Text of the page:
Holy See Proposes How to Reduce Maternal Mortality

Urges "Delicate Balance" of Women's, Children's Rights

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GENEVA, Switzerland, JUNE 25, 2010 (Zenit.org).- Measures as basic as clean blood and water supplies, and a minimum marriage age of 18 could go a long way in reducing maternal mortality, according to a Holy See representative.



Archbishop Silvano Tomasi affirmed this last week at the U.N. offices in Geneva, when he addressed the regular session of the Human Rights Council. The text of his talk was released by the Vatican on Wednesday.

The archbishop, who is the Holy See's permanent observer at the United Nations in Geneva, referred to the "significant commitment and experience" the Catholic Church has in assisting mothers and newborns, experience dating back to "the earliest of times."

He called the number of maternal deaths each year "shocking," saying reliable indicators estimate it's about 350,000 a year, especially among the poorest populations.

"The Holy See's approach to maternal mortality," Archbishop Tomasi added, "is holistic, since it gives priority to the rights of mothers and child[ren], both those already born and those awaiting birth in the womb of the mother."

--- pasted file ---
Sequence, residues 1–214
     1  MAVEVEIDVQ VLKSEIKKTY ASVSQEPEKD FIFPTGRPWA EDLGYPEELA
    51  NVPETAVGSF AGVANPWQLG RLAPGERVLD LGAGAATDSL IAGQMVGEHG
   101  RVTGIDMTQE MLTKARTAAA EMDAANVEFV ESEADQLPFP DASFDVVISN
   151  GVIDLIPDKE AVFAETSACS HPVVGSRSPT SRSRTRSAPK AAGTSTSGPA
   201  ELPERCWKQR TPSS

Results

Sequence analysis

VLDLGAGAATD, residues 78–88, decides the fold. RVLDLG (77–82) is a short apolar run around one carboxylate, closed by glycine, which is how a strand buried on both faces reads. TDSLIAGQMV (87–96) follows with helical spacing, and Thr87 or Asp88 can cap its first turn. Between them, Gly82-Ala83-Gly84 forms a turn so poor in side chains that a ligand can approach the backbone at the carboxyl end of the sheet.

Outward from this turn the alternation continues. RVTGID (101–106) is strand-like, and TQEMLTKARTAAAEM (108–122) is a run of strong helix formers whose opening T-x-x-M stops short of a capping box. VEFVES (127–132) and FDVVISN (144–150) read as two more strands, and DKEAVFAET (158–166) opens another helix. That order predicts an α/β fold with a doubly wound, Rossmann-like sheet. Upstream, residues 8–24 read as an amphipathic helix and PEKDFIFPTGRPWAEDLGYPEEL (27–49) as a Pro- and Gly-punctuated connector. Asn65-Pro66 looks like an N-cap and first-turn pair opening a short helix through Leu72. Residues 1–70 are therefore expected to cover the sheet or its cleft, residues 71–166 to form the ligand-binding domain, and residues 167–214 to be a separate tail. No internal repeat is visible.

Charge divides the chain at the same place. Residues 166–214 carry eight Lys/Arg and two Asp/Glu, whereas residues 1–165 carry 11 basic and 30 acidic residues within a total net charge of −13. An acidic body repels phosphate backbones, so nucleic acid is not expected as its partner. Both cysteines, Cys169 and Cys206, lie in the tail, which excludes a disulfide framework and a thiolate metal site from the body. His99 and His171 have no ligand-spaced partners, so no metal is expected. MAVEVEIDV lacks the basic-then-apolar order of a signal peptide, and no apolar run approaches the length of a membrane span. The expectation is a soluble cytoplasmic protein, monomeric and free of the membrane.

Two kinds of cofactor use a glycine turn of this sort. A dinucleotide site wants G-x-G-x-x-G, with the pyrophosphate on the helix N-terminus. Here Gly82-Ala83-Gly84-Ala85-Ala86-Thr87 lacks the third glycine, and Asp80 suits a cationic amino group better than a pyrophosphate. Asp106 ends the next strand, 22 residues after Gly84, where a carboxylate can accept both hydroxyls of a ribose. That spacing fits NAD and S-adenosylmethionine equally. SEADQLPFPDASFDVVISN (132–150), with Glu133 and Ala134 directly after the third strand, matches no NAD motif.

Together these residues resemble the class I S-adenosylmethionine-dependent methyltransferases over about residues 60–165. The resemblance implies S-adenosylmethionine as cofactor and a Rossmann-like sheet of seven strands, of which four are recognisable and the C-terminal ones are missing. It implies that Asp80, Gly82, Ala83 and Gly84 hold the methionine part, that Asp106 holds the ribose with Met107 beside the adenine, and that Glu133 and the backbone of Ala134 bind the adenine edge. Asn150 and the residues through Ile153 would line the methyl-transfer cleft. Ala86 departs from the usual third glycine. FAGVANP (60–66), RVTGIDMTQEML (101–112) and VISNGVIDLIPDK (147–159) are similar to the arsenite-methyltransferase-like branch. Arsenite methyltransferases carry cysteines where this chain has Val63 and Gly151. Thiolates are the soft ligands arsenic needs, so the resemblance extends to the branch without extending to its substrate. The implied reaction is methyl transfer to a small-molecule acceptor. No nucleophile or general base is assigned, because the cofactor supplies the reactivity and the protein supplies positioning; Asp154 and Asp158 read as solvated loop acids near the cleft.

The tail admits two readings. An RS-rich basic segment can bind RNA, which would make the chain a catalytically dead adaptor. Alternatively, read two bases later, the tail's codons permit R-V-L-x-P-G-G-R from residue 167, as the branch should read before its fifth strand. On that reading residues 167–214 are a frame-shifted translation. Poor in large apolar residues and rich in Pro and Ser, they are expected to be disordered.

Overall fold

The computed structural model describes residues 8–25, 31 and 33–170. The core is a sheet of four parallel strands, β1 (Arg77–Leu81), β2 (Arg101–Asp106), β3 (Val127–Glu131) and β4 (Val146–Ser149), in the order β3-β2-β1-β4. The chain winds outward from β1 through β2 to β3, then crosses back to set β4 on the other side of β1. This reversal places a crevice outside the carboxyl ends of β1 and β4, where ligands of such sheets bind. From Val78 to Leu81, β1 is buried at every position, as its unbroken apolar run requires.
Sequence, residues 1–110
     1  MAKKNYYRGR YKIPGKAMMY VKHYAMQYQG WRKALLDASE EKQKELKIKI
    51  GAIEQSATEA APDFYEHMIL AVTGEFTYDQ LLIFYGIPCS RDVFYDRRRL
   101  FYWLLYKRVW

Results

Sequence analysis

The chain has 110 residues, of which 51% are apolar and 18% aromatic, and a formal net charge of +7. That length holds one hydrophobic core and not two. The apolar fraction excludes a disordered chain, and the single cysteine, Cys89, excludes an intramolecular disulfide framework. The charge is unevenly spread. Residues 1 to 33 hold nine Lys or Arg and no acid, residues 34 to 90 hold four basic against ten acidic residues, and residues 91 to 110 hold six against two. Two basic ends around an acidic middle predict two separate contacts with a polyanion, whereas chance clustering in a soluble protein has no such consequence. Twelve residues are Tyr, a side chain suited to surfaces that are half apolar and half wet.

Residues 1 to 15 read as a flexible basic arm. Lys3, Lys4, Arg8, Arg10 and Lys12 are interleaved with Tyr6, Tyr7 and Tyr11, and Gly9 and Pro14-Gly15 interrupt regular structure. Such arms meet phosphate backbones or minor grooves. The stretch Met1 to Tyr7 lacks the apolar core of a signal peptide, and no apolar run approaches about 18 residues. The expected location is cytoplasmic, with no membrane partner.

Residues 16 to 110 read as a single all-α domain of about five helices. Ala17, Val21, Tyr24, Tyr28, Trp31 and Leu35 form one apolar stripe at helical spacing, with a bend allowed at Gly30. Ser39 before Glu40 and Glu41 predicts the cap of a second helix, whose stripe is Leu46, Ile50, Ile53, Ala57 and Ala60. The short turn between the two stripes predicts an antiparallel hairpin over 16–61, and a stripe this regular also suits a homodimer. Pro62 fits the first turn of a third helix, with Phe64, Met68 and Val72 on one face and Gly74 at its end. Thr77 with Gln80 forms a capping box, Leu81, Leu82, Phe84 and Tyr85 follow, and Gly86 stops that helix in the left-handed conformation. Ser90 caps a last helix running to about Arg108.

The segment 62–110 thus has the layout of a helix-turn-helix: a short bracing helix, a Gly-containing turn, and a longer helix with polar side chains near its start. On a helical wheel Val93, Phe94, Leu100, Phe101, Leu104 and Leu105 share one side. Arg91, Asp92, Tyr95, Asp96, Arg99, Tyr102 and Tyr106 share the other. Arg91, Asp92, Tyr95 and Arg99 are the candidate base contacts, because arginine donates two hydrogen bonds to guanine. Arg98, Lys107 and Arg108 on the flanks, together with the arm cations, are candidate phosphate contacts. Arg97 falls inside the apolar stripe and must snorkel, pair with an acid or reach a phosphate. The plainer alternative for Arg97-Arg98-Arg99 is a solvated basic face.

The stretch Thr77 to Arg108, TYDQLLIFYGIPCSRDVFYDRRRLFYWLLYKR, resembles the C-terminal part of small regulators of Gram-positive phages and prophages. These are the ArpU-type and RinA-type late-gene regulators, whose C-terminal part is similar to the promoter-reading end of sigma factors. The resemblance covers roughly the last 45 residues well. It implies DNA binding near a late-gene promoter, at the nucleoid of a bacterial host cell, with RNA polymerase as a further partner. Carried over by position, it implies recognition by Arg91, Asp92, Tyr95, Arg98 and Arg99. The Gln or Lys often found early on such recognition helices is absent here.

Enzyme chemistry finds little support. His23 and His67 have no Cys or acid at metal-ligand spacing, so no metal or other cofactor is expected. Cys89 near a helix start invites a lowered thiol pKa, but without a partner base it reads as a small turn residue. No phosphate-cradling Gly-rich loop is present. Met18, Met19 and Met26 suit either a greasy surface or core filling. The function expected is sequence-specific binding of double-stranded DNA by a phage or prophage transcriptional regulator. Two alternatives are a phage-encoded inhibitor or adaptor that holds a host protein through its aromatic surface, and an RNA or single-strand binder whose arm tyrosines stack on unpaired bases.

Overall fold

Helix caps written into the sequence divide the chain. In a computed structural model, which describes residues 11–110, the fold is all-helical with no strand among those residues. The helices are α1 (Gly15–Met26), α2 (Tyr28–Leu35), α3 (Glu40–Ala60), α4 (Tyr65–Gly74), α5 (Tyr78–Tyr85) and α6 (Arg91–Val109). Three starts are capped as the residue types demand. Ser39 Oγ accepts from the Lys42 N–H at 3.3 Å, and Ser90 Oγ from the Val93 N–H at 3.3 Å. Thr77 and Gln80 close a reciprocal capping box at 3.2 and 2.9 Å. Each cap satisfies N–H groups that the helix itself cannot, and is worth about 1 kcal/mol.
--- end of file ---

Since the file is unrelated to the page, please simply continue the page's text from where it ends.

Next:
He noted the correlation between maternal and neonatal deaths, and said that "we should not forget that 3 million babies die annually during their first week of life, another 3 million are stillborn, [and] 2.3 million children die each year during their first year of life."

Improving the situation

The Holy See representative observed that maternal mortality rates have been reduced with higher per capita income, better education and an increasing availability of basic medical care.

In Africa, he continued, research shows maternal mortality could be reduced in HIV-positive mothers if they had access to antiretroviral medications.

The prelate added: "The availability of emergency obstetric care, including the provision of universal pre- and post-natal care, and adequate transport to medical facilities -- when necessary, skilled birth attendants, a clean blood supply and a clean water supply, appropriate antibiotics, and the introduction of a minimum age of 18 years for marriage, are all measures that could benefit both mothers and their children.

"Most importantly, if the international community wishes to effectively reduce the tragic rates of maternal mortality, respect for and promotion of the right to health and of access to medications must not only be spoken about, but also be put into action, by states as well as by non-governmental organizations and by civil society."

Archbishop Tomasi concluded by affirming that efforts to combat maternal and child mortality must "strike a delicate balance between the rights of mother and those of the child, both of whom are rights bearers, the first of which is the right to life."

"The maternity clinics and hospitals promoted by the Catholic Church do exactly that," he said. "They save the lives both of mothers and of child[ren], born and yet-to-be-born."

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On ZENIT's Web page:

Full text: www.zenit.org/article-29709?l=english